Naked City

Fishing for an Angle

Fish aren't the only ones feeling the heat due to this year's drought conditions in the Texas Hill Country.

In the ongoing fight between the Guadalupe River chapter of Trout Unlimited (GRTU) and the Guadalupe Blanco River Authority (GBRA) over the water flowing downstream from Canyon Reservoir, both sides are just trying to keep their cool. In requesting an increase in the amount of water it can take from the impounded lake, the GBRA has claimed that the prized trout fishery on the Guadalupe won't be harmed in the long run, but that promise hasn't satisfied the trout fishermen. The anglers' group would like a written guarantee that, when possible, the river authority will continue to allow enough water flow to keep the trout alive in Central Texas' prized waterway.

This week, GBRA general manager Bill West told the Chronicle he has high hopes that a meeting scheduled for later this month will clear up differences of opinion. "I remain optimistic that we can come to a resolution on these issues," West says. "Our objective is to come to an agreement on this."

GBRA's decision to come to the table marks a significant change from the utility's earlier posture. Just two weeks ago, citing the lack of rainfall, GBRA pressed the Texas Natural Resource Conservation Commission to speed its approval of a permit that would allow nearly twice as much water to be diverted from Canyon Reservoir as what is currently allowed to supply municipal projects in the Guadalupe Basin -- from 50,000 to 90,000 cubic feet.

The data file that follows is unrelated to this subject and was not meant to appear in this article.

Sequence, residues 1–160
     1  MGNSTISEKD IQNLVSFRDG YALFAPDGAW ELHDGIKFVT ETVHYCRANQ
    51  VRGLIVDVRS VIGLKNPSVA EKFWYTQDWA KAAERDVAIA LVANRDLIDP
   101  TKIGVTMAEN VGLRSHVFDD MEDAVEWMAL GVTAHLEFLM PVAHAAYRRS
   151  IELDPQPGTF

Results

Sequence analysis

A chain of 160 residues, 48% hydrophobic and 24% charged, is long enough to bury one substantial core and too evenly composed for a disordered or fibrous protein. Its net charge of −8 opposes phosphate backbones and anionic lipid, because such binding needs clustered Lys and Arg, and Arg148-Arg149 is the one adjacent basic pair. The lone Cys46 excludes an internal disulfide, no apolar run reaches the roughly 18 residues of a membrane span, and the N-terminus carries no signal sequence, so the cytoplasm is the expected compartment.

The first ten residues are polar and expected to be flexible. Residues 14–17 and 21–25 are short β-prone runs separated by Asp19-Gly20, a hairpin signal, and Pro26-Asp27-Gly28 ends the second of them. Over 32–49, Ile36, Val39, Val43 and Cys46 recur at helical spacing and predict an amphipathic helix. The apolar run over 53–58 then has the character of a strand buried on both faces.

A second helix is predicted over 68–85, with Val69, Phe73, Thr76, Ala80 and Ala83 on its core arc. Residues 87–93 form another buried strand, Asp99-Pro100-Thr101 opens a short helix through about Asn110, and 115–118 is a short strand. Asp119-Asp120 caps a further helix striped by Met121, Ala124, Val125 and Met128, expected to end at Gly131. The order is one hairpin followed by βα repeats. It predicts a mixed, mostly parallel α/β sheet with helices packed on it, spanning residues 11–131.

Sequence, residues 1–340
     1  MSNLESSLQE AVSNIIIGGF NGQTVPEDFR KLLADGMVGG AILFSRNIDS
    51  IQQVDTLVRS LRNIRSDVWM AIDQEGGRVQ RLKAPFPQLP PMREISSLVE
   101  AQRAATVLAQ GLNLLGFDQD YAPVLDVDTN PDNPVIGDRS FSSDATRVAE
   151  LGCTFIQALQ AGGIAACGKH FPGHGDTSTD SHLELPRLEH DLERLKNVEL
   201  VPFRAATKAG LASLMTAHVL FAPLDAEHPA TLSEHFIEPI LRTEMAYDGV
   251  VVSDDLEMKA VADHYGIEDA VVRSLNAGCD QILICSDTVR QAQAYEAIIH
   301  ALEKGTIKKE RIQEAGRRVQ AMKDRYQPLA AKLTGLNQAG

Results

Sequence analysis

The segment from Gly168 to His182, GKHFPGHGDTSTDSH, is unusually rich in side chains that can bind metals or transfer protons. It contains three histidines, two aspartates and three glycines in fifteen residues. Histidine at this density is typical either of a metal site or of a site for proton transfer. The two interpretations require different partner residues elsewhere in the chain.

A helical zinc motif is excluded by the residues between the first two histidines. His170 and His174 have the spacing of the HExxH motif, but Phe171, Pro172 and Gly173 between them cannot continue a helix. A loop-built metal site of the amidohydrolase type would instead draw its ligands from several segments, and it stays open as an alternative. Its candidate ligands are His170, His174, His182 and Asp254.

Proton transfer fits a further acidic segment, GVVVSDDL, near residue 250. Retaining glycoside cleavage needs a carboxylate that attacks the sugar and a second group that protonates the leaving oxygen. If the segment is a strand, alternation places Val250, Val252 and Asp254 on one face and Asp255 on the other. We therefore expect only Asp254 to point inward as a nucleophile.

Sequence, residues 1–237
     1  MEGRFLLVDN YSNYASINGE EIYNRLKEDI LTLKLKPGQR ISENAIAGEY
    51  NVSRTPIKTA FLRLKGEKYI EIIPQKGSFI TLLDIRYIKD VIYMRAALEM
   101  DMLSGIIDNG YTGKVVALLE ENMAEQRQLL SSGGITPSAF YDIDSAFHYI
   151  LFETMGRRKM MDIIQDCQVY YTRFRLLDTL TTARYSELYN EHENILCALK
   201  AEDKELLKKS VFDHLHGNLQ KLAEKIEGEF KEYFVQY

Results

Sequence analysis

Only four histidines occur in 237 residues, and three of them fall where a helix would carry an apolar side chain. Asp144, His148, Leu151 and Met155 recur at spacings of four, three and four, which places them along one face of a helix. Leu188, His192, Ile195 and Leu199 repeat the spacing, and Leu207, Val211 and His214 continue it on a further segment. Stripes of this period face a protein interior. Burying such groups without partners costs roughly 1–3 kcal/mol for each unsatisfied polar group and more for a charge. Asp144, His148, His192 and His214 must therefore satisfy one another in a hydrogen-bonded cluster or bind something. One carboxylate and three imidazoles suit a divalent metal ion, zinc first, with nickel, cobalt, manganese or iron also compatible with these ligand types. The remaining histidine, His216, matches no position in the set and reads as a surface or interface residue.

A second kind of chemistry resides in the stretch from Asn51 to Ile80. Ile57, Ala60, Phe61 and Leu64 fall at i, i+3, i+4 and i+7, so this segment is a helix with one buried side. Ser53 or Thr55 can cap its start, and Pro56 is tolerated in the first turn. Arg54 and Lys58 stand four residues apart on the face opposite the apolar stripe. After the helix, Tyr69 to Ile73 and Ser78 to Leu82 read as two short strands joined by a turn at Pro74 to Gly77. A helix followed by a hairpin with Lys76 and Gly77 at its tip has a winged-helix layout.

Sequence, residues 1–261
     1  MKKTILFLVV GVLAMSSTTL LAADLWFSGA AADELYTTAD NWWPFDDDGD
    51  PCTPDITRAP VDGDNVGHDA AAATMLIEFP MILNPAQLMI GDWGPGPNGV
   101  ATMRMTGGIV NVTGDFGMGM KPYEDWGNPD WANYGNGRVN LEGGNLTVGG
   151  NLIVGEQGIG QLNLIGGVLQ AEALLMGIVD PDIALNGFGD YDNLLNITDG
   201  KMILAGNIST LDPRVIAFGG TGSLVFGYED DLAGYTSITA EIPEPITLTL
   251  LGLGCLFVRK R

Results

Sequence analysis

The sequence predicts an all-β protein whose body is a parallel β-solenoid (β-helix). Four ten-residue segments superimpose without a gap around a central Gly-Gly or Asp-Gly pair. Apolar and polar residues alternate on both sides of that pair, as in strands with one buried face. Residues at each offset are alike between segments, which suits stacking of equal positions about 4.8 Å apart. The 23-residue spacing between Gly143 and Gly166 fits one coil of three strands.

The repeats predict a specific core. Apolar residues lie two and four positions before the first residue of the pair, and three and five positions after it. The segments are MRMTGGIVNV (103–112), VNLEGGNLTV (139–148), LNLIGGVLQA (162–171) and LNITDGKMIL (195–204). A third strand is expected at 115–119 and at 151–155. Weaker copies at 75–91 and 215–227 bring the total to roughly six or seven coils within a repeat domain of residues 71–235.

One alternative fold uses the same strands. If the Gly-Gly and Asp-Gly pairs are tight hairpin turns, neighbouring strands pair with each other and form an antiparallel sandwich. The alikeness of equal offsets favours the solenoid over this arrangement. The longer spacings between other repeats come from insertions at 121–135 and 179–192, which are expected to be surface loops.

Pat Shaughnessy, a TNRCC spokesman, says his agency is still in the middle of a technical review of the application, but that it's not about to be fast-tracked. "Once you have a hearing request," he says, "there's little chance for an accelerated review. At this point, I can simply tell you the permit is still pending."

West says he believes the TNRCC will prioritize the issue nonetheless. As for his apparent change of heart with regard to GRTU's desire to be heard as a stakeholder, West says simply: "I always felt there was room for reason."

The 3,000-member GRTU and the group's attorneys hope that meetings with GBRA later this month will allow them to find some common ground. "The main sticking point is the permanence of this thing," says David Schroeder, chair of the GRTU's Flow Committee, concerning long-range projections for how much water will be allowed to flow below the dam. "We realize that in years of drought, there may not be enough water. But we think [GBRA has] a responsibility to mitigate some of the environmental impacts of the dam. We'd still like to see a sustainable trout fishery."

Mark Stacell, a Houston-based lawyer for the anglers, adds that the TNRCC must hold an applicant responsible for assessing potential impacts to the public good -- including issues such as the tourist economy and quality of life -- before allowing GBRA to go ahead with its plan. "Everybody knows that the Texas population is eventually going to double. But GRTU believes it would be a real shame to sacrifice this fishery. After all, if we're going to have more people, we're going to need more recreational resources as well."

Schroeder regards the upcoming negotiations with cautious optimism. Keenly aware that GRTU is fighting a losing battle on the political front -- official supporters of GBRA's proposal include the cities of Boerne, Fair Oaks Ranch, Kyle, San Marcos, Seguin, and New Braunfels -- Schroeder says his group hopes to realize an amicable solution. "We've got a choice between a non-native fishery and no fishery at all," he says. "And I'd say to GBRA, 'Doesn't that count for something?'"

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